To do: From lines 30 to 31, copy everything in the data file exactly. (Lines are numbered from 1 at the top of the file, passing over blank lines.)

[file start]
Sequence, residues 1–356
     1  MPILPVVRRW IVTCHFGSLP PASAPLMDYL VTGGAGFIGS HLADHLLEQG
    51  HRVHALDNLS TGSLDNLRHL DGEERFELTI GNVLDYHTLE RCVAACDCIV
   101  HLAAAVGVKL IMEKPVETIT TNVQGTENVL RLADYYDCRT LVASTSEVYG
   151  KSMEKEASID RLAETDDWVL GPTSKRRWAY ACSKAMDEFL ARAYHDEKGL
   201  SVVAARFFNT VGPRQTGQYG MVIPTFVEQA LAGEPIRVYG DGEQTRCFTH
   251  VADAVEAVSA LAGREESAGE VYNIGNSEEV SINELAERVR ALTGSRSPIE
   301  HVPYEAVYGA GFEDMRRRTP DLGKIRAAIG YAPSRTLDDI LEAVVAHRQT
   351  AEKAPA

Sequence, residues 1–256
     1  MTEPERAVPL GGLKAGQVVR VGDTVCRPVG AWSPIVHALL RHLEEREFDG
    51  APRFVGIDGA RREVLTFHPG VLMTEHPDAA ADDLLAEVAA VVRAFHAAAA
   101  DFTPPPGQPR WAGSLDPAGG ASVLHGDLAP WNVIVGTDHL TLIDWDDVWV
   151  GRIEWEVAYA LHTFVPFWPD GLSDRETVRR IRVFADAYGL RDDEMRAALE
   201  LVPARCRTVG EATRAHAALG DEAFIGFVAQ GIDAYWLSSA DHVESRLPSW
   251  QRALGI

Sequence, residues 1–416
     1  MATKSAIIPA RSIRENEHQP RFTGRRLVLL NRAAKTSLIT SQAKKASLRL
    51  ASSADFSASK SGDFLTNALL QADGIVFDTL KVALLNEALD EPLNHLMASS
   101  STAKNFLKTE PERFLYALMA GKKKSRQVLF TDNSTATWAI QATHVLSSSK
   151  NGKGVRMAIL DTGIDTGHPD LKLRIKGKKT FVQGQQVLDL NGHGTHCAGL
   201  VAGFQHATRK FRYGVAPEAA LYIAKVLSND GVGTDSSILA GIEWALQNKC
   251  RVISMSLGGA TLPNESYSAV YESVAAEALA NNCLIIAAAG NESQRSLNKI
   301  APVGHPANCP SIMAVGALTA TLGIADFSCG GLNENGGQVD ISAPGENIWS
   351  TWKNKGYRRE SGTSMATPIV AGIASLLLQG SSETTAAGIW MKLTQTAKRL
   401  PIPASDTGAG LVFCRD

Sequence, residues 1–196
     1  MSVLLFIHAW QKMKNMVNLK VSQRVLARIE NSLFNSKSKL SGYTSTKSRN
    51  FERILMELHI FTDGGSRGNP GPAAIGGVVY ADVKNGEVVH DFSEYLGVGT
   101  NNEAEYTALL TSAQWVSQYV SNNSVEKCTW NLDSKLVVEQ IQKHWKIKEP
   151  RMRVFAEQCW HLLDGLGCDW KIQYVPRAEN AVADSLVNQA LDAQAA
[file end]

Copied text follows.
   101  NNEAEYTALL TSAQWVSQYV SNNSVEKCTW NLDSKLVVEQ IQKHWKIKEP
   151  RMRVFAEQCW HLLDGLGCDW KIQYVPRAEN AVADSLVNQA LDAQAA